Jordyn McCarley, book review, Waskar Ari, Earth Politics, AmeriQuests 14.1 (2017
Waskar Ari. Earth Politics: Religion, Decolonization, and Bolivia’s Indigenous Intellectuals. Duke University Press, 2014. 280 pp., ISBN-10: 0822356171
In his Earth Politics, Waskar Ari creates a fascinating reconstruction of Bolivia’s indigenous activist movement, Alcaldes Mayores Particulares (AMP). The AMP movement vitalized a project of decolonization through the social and political affirmation of indigenous rights and culture. The movement utilized the Aymara religious and political ideals which, in part, advocated for two separate republics, one Indian and one white (2). AMP thrived between 1921-1951 until changes following the Bolivian National Revolution led the movement to reorganize and address new forms of colonialism (3) In his unique historical approach, Waskar Ari contrasts the earlier Bolivian indigenous movement with the more modern revolutionary AMP movement to show how a politics of decolonization rather than a politics of reconciliation, although both well intentioned, was better suited to serve the Indigenous populations of Bolivia. In Earth Politics, he uses the narratives of key activist-intellectuals in AMP to show how “by framing issues, gathering audiences, and creating networks and social movements from inside the Indian world, these actors provided alternative understandings of nation making in modern Latin America” (3).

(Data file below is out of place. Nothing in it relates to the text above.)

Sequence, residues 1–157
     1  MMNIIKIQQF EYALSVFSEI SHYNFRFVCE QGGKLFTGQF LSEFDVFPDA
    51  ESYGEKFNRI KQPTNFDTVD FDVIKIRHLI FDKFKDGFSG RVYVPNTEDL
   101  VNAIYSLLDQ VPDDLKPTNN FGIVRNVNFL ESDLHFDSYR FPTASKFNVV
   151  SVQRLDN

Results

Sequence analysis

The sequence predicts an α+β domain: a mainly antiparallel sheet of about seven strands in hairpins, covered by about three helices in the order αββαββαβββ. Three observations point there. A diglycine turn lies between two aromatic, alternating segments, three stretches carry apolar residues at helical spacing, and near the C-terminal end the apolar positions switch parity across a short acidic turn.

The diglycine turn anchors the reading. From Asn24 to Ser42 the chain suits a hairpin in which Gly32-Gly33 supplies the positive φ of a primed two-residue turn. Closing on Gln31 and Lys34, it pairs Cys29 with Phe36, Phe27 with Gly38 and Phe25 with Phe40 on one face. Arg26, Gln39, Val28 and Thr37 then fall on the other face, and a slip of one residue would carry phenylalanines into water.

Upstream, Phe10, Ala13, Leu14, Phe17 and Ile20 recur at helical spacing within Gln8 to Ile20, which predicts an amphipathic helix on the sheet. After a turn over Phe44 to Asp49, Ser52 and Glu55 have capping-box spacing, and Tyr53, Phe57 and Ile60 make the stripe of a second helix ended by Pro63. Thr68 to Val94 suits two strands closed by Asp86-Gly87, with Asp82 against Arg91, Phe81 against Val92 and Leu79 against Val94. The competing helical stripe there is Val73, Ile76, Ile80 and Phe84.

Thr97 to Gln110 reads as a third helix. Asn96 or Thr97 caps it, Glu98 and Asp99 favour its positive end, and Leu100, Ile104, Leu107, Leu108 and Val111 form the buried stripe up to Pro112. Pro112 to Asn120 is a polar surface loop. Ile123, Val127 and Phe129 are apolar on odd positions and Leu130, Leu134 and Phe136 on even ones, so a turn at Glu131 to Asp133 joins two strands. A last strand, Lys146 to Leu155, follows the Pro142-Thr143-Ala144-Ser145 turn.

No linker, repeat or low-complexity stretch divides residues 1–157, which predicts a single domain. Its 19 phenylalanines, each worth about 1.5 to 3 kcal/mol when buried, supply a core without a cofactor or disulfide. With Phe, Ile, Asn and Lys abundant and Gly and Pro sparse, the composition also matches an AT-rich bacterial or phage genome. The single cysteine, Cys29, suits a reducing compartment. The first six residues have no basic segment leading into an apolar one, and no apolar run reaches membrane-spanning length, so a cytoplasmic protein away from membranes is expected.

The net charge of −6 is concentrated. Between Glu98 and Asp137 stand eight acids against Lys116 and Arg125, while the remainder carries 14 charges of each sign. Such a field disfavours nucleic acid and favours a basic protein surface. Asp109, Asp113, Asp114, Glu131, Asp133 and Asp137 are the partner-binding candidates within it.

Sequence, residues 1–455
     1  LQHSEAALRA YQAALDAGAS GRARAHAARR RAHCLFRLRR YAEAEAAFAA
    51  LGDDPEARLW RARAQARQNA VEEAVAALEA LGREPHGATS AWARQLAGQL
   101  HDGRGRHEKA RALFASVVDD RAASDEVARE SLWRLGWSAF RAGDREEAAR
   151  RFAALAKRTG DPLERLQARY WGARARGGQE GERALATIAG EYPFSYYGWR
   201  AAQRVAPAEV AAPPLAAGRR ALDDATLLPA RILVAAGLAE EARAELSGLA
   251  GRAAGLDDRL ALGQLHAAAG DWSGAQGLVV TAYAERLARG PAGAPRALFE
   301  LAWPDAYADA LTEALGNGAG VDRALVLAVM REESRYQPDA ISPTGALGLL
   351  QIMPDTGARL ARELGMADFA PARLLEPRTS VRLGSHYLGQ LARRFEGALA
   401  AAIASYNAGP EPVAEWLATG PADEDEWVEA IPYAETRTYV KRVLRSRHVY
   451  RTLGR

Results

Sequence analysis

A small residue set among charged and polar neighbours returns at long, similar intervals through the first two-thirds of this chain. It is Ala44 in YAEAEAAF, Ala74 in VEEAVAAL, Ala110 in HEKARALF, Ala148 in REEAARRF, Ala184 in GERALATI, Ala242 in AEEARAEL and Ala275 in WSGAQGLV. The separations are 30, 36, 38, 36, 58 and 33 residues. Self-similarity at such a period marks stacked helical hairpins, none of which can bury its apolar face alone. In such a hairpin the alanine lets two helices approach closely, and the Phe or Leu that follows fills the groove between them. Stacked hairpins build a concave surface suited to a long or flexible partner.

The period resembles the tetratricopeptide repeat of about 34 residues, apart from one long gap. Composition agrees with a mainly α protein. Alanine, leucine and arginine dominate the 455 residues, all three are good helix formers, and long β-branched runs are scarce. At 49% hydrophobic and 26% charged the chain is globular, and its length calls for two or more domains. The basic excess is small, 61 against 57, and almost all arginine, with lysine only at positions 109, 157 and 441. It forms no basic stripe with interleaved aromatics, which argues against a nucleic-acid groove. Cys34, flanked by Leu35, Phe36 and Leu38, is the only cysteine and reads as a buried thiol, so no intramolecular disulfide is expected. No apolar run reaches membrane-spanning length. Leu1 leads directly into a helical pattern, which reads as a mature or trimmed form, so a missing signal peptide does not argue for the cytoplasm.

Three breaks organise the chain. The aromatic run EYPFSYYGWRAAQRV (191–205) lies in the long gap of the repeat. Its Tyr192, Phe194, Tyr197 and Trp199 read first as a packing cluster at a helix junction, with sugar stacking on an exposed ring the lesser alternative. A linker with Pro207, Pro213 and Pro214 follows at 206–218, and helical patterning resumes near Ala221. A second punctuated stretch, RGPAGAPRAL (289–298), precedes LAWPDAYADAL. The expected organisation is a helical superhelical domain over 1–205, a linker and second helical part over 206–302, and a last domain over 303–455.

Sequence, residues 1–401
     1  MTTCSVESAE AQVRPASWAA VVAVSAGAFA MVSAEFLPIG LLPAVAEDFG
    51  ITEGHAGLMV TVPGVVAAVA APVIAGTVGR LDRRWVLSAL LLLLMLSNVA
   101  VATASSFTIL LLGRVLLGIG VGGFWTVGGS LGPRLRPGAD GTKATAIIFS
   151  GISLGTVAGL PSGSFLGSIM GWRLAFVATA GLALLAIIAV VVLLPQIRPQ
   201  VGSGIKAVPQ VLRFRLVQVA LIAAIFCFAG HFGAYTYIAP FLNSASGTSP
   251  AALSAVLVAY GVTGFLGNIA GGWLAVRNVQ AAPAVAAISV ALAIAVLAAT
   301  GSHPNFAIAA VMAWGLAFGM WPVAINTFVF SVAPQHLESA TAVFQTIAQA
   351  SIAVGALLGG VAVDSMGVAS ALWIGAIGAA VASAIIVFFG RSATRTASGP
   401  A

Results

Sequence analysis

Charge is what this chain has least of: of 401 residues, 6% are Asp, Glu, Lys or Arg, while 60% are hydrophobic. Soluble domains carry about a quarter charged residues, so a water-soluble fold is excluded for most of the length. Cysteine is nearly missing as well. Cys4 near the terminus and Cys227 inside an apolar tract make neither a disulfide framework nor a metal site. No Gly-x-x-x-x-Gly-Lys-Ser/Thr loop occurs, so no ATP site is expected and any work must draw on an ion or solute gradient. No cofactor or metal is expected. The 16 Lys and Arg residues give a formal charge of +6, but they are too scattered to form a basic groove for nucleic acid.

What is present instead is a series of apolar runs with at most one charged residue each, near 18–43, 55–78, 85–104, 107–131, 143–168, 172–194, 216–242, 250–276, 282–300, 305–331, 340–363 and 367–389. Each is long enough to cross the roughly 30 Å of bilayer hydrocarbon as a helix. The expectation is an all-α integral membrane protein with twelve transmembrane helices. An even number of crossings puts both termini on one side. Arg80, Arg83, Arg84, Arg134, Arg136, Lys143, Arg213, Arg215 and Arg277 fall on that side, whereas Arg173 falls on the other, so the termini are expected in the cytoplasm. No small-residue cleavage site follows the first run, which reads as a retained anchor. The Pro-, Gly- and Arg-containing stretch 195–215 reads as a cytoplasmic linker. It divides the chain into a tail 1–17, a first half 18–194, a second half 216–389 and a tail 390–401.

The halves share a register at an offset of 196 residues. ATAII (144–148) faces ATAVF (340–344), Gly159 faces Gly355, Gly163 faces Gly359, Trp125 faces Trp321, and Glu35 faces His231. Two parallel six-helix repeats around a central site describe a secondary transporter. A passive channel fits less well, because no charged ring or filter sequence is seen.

Ari details the lives of four key AMP leaders during a time where being Indigenous in Bolivia meant either complete assimilation or complete isolation. For example, one of AMP’s leaders, Gregorio Titiriku, experienced urban Bolivian society’s complete segregation in the 1920s. However, he continued venturing to the city because he believed that “we [Aymaras] are in our land and we have the right to walk in the streets, the plaza, the parks, and take the streetcars, as well as to sit down on El Prado and watch the trucks and the streetcars. No one has to stop doing that because we are the owner of these lands” (87).
Through adamantly rejecting the notion that assimilation was the only path to respect as well as social and political power, these leaders invented a system of advocacy that incorporated indigenous religion, dress, language, and customs which fought not for the integration of the indigenous populations into colonial society, but instead to carve out a dignified place in society that allowed the respect and celebration of Indigenous cultures in Bolivia. For example, Indians had to deal with laws that arbitrarily discriminated against anything indicative of Indian culture. One law being campaigned for around 1925 suggested that Indians should be banned all together, but, if they were allowed in the city “they should be prohibited from wearing the poncho and pants…. The purpose of this ban is to remove from the city the exotic, ugly, colorful, and ridiculous dress …presents to foreigners a city with ponchos, “calzones partidos,” and other extravagant clothes that Indians like to use” (89). AMP battled these offensive regulations by unashamedly wearing Indian dress in city spaces and encouraging others to do the same. This worked counteract what Ari calls “cholification” and to contradict the prevalent stereotype that Indians were uncivilized and were a blow to the cause of modernity.